Sea, sand and historic thrills in Blackpool

Blackpool… For many, just the name of the UK’s most famous seaside resort is enough to make them cringe, conjuring up images of run-down games arcades and seedy bars packed full of binge-drinking teenagers. For me, it has always brought to mind the historic Pleasure Beach, one of Britain’s oldest amusement parks and still one of its most popular. Yet the town’s original success was built on its expansive coastline and long, sandy beaches – features that are still present today. With significant investments being made to try and rejuvenate Blackpool’s seafront, how do the man-made attractions stack up against the natural elements? And is either aspect enough to justify a visit?

Pier in Blackpool Photo: stinksoup of Flickr

Pier in Blackpool

I’ve dreamed of visiting the town ever since I was a small child, but being on the opposite side of the UK to our Ipswich home it fell into the category of “so close, yet so far”. Earlier this year, we decided to compile a list of all the places in our country that we’d neglected to visit. Blackpool was right at the top, and so it was that we spent two days exploring it this summer.

Natural attractions in Blackpool

Blackpool Beach and Tower Photo: diamond geezer of Flickr

Blackpool beach and tower

While the artificial aspects of the resort are hard to miss (a 65 metre tall roller coaster and 158 metre tall clone of the Eiffel Tower are never going to blend into the landscape), it was the extensive coastline that grabbed our attention immediately. Stretching on for over seven miles, it’s easy to see why trainload after trainload of working class tourists headed to the town following the construction of the first rail link in 1846. Few beaches could cope with the sheer number of visitors (tens of thousands every summer weekend in the 1920s) that descended upon Blackpool’s shores, but these ones could.

Of course, it was perhaps inevitable that the urban grime the workers were seeking to escape from would eventually follow them to the coast. A multi-lane road runs in parallel to the seafront, although there is at least a large promenade and a tram line to separate it from the sand itself. Row after row of bed and breakfasts and hotels clamour for the sea views on offer, and many are badly in need of restoration after years of battering from the sea breeze. There are some pretty buildings around, but Blackpool is never going to be famous for its architecture.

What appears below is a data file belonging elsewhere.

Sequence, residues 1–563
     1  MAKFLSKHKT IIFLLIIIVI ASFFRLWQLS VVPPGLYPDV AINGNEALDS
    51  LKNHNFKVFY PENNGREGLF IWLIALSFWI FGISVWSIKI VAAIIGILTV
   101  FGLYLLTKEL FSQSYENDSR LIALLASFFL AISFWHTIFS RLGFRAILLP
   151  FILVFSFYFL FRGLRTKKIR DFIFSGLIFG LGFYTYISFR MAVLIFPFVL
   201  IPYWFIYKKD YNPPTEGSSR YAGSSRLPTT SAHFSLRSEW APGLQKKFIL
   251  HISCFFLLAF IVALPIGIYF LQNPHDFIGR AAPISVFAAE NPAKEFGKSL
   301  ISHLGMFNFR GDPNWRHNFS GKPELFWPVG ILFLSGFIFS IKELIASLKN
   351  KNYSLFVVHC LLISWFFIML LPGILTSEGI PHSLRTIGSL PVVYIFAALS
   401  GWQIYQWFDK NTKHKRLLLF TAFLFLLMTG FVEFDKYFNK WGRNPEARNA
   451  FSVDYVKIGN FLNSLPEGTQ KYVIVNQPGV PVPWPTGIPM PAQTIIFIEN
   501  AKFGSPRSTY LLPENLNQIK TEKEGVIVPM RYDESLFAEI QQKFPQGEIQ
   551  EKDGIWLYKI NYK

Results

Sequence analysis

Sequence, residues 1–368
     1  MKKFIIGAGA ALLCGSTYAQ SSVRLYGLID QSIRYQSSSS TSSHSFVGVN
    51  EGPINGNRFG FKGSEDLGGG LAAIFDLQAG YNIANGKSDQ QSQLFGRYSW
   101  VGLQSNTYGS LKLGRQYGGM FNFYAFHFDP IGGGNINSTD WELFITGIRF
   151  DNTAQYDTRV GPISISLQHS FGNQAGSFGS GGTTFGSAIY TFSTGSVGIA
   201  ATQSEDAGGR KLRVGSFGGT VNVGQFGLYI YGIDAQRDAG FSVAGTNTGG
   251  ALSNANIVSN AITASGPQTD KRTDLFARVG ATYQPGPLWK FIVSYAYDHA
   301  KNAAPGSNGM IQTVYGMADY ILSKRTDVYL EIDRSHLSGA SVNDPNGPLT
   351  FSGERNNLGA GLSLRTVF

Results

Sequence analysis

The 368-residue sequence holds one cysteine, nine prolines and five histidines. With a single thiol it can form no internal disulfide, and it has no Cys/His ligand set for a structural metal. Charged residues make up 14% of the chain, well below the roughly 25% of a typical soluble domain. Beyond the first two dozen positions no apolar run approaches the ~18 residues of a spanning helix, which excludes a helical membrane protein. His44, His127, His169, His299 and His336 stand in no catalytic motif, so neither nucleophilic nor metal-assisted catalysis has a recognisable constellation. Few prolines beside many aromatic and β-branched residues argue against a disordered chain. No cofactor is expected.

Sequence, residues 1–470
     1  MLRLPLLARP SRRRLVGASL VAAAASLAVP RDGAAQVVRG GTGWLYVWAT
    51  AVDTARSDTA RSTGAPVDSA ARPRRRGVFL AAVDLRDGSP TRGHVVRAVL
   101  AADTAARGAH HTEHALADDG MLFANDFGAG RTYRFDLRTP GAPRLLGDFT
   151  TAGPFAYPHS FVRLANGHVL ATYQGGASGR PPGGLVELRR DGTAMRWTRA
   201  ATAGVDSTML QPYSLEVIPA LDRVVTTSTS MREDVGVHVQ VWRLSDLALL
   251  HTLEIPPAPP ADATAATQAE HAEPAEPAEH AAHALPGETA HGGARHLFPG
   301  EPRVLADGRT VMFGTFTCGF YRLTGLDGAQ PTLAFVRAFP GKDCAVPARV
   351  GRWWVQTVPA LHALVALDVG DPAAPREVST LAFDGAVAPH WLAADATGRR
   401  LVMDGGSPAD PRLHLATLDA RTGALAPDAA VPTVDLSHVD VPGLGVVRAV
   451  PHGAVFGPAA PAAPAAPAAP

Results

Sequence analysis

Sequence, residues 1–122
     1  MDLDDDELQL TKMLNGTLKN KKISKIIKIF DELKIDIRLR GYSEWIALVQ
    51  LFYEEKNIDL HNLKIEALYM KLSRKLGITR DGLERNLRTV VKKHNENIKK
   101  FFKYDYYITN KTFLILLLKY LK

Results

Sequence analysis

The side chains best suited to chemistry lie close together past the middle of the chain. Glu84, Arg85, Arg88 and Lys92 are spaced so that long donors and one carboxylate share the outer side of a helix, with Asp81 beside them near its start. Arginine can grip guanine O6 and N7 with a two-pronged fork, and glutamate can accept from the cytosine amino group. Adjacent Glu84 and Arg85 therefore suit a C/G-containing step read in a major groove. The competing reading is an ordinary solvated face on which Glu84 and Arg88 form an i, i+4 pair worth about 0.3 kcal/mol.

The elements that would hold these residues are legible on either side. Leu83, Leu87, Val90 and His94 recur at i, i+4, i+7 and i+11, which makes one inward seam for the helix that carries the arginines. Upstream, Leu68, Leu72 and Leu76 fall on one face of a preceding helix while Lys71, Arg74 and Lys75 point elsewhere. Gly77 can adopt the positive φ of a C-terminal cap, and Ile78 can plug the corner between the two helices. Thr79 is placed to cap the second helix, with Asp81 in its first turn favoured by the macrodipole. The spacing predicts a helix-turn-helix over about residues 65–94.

Does this detract from the seafront? I don’t think so. The lure of the seaside is as strong as ever, and the features that have attracted tourists to Blackpool for the last century-and-a-half are still very prominent. Whether it’s a family day out with bucket and spade in tow, or a just a relaxing stroll along sand that doesn’t seem to end, most people will find something to enjoy here. Even those most disapproving of the way the resort has evolved may not be able to resist a quick ice cream and a paddle in the surf.

Top natural attractions to visit in Blackpool include:

  • Central Beach – the heart and soul of the town, Central Beach is an expansive tract of golden sand located right in the heart of Blackpool. For families, this is the place to go for sunbathing, sand-castle building and donkey rides.
  • St Annes Beach – if you’re looking for a more relaxing spot away from the noise and bustle of Central Beach, St Annes offers a quieter alternative. Located a few miles down the coast, it’s a great place for a walk or a swim.

Man-made attractions in Blackpool

Of course, the variable weather conditions that ultimately led to British tourists heading to Spain and Portugal will still have a huge impact on your ability to linger outdoors. That’s where Blackpool’s range of man-made distractions come into play – and there are a huge number of them. From major attractions such as the iconic Blackpool Tower (which we were unable to visit due to recently-completed refurbishment work), Madame Tussaud’s waxworks and the Sea Life Centre (all operated by a single firm, Merlin Entertainments Group) to the dozens of arcades, tea rooms and pubs, almost everywhere you look someone is trying to extract some of your hard-earned cash.

The Pepsi Max Big One Photo: Ingy The Wingy of Flickr

The Pepsi Max Big One

I’ll be honest – for me, there is only one game in town. Having remained in family ownership for years, Blackpool Pleasure Beach still draws visitors to the South Shore like a magnet. First opened in 1896, it has outlasted the vast majority of seaside parks from its era by continuing to invest and improve. Several major rides have been added in the past two decades, while 2011 saw the opening of the £10 million Nickelodeon Land.  The park is also home to  the UK’s tallest rollercoaster, the Pepsi Max Big One.

While I am an unapologetically huge fan of amusement parks, it is not Blackpool Pleasure Beach’s modern rides that interest me. Instead, it is the vast array of classic attractions on offer, some of which date back to the early 20th century. This gives the park the feel of a living, working museum, rather than a simple tourist trap. The River Caves was the inspiration for Disneyland’s Pirates of the Caribbean, while the Big Dipper roller-coaster was among the forerunners to today’s major thrill rides. It is the 1904 Flying Machines, though, that really caught my imagination. Still a great attraction today, it is difficult to comprehend how amazed visitors of that era must have been by this stunning piece of engineering.

Nickelodeon Land at Blackpool Pleasure Beach Photo: Nick Sim

Nickelodeon Land at Blackpool Pleasure Beach

Outside of Pleasure Beach, some of the best man-made attractions in Blackpool’s bewildering line-up include: